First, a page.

The Rencontres d'Arles' policy of programming almost exclusively new work has earned it a world-wide reputation. In , there were visitors to the festival. The exhibitions, often co-produced with both French and foreign museums and institutions, are given on various heritage sites, suitably stage-designed for the purpose. Some sites for example, 12th century chapels or 19th century industrial buildings are open to the public only for the duration of the festival. Many photographers have been discovered as a result of the Rencontres; a sure sign of the festival's importance as a springboard for photographic and contemporary creative talent. For its depth and reach the programme draws on the points of view of numerous specialists, around twenty each year, from different fields.
Rencontres Photo Arles 2009
Arles / 40è Rencontres Photographie
Funny, incongruous, vibrant and resolutely human, these scenes, put next to one another make up her pictorial oeuvre: a genuine witnessing of the urban effervescence before people had television sets. While she was teaching art to children in the mids, she plunged herself into photographing life on the streets, intrigued by the scribbles they drew on the ground using chalk. The children and her imagination would become the prisoners of her Leica 35mm. Back then, New York would suffocate during the summer months. Everyone escaped their buildings looking for refreshment. This summer emulation fuelled her interest for urban photography. Emotion remains the cornerstone of her work: a melting pot where poverty is blatantly obvious.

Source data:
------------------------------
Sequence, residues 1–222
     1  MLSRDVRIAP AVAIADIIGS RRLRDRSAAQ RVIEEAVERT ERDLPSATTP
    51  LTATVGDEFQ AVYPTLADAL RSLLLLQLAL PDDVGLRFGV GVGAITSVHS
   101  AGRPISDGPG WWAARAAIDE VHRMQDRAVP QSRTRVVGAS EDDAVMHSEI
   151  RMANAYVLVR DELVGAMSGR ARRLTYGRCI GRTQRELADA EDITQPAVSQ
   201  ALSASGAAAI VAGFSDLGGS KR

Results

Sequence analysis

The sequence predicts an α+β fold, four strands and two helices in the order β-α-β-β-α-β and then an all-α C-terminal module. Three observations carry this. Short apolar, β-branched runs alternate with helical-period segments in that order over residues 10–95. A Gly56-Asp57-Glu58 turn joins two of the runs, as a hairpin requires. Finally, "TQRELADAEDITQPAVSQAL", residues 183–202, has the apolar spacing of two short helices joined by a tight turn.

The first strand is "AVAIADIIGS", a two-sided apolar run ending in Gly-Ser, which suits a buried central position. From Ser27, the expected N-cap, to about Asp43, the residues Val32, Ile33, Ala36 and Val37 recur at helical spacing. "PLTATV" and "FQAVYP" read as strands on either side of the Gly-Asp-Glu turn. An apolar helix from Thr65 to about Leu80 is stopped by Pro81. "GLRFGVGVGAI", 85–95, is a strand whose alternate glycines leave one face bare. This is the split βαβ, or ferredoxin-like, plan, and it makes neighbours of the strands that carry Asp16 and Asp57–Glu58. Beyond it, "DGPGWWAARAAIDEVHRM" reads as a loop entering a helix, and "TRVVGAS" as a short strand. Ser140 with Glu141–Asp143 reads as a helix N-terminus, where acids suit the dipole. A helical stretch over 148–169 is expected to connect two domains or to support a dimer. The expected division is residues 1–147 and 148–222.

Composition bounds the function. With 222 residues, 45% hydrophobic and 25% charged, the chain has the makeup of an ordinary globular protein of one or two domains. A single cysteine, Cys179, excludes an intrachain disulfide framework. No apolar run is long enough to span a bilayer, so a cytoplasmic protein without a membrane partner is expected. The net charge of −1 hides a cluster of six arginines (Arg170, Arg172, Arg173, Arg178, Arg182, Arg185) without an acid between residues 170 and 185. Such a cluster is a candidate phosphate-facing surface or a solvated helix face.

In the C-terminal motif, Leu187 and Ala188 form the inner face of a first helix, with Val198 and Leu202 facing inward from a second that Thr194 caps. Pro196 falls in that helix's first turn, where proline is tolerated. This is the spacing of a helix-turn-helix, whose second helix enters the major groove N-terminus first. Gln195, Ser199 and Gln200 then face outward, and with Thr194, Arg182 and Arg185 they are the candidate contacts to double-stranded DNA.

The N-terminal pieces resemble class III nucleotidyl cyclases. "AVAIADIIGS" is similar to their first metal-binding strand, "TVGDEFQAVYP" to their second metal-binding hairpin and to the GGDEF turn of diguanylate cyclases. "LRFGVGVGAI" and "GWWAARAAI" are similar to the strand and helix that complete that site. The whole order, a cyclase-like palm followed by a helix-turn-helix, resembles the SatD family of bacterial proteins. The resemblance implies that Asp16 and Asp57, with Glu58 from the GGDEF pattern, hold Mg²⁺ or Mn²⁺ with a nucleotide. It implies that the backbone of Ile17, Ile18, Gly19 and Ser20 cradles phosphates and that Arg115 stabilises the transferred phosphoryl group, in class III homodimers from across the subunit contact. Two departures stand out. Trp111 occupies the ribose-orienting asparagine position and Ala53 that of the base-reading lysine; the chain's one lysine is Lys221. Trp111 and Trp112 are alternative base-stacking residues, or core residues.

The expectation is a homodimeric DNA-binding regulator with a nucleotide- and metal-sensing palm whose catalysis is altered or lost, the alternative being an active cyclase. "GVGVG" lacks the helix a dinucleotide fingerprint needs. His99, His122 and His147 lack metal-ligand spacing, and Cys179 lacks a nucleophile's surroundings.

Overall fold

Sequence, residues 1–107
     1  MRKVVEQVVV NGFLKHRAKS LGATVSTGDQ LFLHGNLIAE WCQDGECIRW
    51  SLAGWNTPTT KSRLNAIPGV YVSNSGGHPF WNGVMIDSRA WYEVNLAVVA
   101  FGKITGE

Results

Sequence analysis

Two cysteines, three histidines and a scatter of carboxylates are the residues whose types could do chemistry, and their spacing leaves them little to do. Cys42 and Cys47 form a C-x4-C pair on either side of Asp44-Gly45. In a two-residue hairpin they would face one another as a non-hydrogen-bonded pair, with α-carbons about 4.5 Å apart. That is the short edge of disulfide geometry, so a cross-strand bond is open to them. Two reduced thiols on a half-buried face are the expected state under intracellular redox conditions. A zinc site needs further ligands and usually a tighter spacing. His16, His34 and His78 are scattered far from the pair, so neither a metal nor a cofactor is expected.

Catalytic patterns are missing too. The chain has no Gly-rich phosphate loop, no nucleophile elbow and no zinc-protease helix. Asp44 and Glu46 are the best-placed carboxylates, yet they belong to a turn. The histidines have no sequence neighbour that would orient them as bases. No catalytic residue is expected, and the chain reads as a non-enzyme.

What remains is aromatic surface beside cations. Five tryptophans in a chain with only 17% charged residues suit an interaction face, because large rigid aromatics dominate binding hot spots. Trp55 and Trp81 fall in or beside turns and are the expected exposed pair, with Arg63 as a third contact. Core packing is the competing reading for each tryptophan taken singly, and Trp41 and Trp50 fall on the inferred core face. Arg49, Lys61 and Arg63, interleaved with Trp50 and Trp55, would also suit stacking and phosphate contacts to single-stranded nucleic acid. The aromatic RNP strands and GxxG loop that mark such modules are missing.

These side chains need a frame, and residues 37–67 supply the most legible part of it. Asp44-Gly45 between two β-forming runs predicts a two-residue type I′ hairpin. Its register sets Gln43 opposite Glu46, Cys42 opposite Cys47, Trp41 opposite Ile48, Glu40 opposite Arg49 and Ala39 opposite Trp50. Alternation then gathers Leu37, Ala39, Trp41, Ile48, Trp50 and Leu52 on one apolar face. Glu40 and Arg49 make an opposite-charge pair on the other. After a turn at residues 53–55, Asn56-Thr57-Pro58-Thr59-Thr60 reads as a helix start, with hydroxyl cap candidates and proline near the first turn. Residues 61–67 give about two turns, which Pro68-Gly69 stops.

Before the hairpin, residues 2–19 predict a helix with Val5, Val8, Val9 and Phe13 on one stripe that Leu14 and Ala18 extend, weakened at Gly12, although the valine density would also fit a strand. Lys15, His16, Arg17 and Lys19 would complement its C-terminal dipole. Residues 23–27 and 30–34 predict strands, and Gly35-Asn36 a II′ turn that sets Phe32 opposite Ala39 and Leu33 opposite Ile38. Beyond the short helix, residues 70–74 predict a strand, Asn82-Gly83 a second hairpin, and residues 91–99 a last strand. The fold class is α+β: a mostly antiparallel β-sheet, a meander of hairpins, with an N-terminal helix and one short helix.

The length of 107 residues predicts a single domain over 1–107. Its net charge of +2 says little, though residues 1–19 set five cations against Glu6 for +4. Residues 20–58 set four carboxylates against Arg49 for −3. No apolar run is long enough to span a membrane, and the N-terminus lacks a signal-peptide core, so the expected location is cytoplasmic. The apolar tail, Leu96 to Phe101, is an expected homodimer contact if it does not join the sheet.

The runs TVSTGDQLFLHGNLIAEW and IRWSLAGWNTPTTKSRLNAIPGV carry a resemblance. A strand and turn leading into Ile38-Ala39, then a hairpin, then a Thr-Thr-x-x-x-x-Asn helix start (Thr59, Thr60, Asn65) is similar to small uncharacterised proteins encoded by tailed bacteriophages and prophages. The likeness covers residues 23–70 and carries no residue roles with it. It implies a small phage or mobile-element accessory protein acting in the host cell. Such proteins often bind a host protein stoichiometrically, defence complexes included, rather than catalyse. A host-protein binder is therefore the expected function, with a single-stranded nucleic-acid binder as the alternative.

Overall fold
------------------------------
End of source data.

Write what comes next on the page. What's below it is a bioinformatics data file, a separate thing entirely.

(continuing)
T his year the Rencontres de la Photographie celebrates its half-century. A must-see summer event in the south of France for art and photography lovers. The Artskop editorial team presents its must-see selection of exhibitions. This group exhibition addresses one of the most controversial contemporary topics, that is, immigration within the European context.
Now in its 48th year the veteran photography festival is in better shape than ever. You can walk through the French sunshine to more than 20 exhibitions, hear a talk, meet the snappers and shop on the fringe. It's not just a show; it's a holiday, reaching out to the world, this year notably, to the photographers of Colombia and Iran. Their images give an unmediated view of their lives and troubles - Colombian women staring down the camera "like men"; sad pictures of remembrance from Iran pictured right: Shadi Ghadirian, Qajar ,